In formation evaluation, resistivity logs are typically used to identify pay zones because of the resistivity contrast between the oil zone and water zone. But not always. When the pay zone exhibits low resistivity, these logs cannot identify oil zones. LA field is a mature oil field in the Malacca Strait PSC in Indonesia that has been on production since 1984. Oil is produced from the Upper Sihapas (US) and Lower Sihapas (LS) sandstones. The LS sands have provided 98% of the oil produced to data. The US sands are thin, low permeability, low pressure and limited in volume (sand lenses) compared to the LS sands.

High water cuts in LS sands have made wells uneconomic to operate. Rather than abandon the wells, US sands were identified and re-completed alone (US sands will not flow when commingled with LS sands). But how to identify oil sands in the US? Resistivity of oil sands and water sands is almost the same. Gas readings and oil show give clues of oil in low-resistivity sands, but depth control is not accurate enough to know exactly which thin sand has oil.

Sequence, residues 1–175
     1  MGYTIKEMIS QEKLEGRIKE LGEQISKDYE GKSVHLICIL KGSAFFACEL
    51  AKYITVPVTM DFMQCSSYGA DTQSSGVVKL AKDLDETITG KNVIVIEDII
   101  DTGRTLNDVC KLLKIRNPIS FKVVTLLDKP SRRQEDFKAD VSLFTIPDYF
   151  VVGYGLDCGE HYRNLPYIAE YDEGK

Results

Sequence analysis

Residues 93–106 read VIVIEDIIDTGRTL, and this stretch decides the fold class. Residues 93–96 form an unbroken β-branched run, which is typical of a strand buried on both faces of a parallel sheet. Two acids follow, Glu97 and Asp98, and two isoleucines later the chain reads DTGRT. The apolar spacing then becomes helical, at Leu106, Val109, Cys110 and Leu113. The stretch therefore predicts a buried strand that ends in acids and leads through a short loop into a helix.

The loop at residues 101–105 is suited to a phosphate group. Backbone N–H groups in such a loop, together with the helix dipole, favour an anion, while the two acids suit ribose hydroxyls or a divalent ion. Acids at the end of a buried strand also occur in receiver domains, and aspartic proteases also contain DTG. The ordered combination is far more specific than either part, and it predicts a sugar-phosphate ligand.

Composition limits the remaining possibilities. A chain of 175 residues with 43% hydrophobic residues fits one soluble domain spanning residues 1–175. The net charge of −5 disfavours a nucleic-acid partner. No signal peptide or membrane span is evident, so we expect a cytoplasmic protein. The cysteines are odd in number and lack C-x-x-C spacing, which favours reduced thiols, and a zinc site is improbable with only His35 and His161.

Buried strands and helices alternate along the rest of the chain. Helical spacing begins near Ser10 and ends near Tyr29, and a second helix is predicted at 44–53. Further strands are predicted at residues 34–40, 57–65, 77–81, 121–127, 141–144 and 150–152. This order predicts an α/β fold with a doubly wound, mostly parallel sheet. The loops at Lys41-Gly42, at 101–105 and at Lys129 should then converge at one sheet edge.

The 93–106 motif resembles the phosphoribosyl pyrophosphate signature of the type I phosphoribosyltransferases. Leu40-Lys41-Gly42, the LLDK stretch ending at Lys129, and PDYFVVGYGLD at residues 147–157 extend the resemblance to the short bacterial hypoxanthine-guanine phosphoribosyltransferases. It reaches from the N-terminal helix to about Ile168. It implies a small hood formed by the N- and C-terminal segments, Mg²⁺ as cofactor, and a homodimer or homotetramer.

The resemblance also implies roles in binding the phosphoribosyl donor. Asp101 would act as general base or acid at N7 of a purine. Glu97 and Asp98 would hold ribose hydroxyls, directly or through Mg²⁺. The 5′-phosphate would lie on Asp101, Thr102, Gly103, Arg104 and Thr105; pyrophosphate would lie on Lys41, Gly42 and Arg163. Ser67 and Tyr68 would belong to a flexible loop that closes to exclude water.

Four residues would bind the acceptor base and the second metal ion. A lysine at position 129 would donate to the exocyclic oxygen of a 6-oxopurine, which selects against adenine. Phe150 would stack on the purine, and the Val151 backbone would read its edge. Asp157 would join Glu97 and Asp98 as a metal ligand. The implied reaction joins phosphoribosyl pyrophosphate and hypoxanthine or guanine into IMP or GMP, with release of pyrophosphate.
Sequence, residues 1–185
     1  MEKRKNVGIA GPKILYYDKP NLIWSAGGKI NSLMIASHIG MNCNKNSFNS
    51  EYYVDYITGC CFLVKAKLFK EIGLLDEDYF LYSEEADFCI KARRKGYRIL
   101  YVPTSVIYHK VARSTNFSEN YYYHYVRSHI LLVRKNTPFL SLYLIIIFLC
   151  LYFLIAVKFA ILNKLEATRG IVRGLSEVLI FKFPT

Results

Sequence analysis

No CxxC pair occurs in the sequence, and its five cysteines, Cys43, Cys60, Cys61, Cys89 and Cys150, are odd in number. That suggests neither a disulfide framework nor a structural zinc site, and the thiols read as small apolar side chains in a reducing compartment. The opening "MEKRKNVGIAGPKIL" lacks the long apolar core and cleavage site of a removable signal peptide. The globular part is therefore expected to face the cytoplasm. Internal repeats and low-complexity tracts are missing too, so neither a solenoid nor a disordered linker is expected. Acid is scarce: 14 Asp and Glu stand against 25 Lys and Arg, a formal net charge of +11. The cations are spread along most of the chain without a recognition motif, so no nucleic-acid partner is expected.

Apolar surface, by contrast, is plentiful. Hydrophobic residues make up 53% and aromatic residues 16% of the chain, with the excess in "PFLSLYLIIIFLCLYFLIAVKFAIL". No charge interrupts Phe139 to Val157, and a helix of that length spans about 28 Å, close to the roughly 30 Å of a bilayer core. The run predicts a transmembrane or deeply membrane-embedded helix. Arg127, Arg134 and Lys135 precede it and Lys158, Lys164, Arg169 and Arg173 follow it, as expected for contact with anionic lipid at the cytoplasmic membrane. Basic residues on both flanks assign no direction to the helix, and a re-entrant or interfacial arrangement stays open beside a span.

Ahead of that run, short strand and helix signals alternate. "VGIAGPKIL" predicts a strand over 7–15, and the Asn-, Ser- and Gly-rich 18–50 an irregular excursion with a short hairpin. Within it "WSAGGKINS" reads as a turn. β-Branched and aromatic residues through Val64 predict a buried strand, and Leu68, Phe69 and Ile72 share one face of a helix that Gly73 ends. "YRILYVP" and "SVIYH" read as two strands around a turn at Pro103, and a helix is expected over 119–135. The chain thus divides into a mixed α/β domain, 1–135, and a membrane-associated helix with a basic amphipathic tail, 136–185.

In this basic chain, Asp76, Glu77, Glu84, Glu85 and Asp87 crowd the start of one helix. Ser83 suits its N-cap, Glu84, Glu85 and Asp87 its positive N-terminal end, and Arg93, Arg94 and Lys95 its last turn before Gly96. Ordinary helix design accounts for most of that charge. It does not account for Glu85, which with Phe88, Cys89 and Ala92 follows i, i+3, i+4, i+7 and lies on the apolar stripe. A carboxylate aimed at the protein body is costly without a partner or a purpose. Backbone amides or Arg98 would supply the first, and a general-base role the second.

The LA field has seven US producers. Production varies from well to well due to sand heterogeneity. We created a flowchart to determine oil potential, likely reserves and deliverability. Our experience is that low resistivity US sands can produce commercially at low water cut, albeit at low rate due to low pressure and low deliverability.

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